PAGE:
And finally, we have this report from the University of Washington, which is about as direct a measure of immune protection as we’re likely to get before the vaccine efficacy trials read out. The authors studied the crew of a fishing vessel, before and after its voyage. Three crew members showed a positive antibody response beforehand, indicating that they had been infected earlier in the epidemic – they were not positive in RT-PCR testing, though, indicating that they did not have active infections. In fact, none of the other 120 crew members tested (out of 122 total) had such a positive reading on departure.
But an outbreak occurred on the ship anyway – someone was early enough in the infection that they hadn’t shown positive yet. This crewmember became sick and the vessel returned to port on Day 18 of the voyage. (Sequencing of viral samples from a number of crew members confirmed that the outbreak seemed to originate from a single source). Testing then and over the next few days showed that 104 of the 120 crew members were now positive for the coronavirus – but not the three who had antibodies beforehand. This high attack rate (!) and apparent protection makes a strong case for protective immunity, because God knows everyone on board had plenty of chances to catch the disease.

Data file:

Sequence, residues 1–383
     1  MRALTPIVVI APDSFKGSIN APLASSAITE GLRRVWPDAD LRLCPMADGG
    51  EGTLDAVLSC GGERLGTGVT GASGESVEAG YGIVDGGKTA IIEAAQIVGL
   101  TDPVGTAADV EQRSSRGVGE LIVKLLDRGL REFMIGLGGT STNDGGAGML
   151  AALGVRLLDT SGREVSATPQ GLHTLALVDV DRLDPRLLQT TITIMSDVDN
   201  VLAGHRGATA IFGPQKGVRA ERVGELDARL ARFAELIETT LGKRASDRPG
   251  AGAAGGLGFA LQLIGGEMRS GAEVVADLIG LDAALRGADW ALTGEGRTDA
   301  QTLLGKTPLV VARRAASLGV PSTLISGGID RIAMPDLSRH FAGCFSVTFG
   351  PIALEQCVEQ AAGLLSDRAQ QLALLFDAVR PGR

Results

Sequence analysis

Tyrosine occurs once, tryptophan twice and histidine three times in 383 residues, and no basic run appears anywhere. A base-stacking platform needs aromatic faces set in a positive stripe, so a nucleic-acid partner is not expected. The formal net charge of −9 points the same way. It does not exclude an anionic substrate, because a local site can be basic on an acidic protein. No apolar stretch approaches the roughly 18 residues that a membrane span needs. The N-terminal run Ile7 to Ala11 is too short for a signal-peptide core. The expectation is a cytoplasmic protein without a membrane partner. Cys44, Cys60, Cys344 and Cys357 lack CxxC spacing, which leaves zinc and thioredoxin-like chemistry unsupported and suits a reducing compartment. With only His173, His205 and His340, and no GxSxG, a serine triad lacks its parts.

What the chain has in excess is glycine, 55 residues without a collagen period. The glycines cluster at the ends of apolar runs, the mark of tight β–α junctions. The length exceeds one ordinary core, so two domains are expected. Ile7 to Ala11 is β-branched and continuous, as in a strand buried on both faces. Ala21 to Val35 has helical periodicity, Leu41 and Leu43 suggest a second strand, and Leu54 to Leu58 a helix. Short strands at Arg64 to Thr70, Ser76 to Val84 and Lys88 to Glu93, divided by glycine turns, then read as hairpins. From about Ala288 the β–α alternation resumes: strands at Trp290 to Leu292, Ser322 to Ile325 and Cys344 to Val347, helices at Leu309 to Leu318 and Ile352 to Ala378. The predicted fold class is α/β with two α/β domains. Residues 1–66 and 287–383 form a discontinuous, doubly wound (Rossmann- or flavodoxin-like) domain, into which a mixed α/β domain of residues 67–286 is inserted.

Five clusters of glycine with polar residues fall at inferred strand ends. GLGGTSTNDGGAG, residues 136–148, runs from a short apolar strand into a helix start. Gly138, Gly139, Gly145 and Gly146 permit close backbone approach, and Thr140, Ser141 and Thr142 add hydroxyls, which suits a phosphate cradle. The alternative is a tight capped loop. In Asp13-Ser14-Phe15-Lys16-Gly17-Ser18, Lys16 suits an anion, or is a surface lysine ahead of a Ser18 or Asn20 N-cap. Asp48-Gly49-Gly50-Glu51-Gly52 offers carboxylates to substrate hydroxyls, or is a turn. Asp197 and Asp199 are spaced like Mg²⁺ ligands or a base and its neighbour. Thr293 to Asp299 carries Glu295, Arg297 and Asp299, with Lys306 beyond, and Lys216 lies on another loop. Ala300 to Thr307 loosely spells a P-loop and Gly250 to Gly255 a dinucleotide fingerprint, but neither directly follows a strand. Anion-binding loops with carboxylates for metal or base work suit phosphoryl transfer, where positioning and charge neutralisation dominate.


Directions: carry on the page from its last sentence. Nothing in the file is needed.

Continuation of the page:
How long this protection lasts, what part of it is due to antibody response and what part to T cells, and what the exact cutoffs are for those – these are the important things we don’t quite know yet. But the picture is becoming clearer. And what we’re seeing is that this virus, which it has definitely has some unusual features, is also something that our immune systems are dealing with in the just the way that you would hope to see. That gives us hope that the vaccines are in turn going to raise protective, lasting responses. We just have to see the details!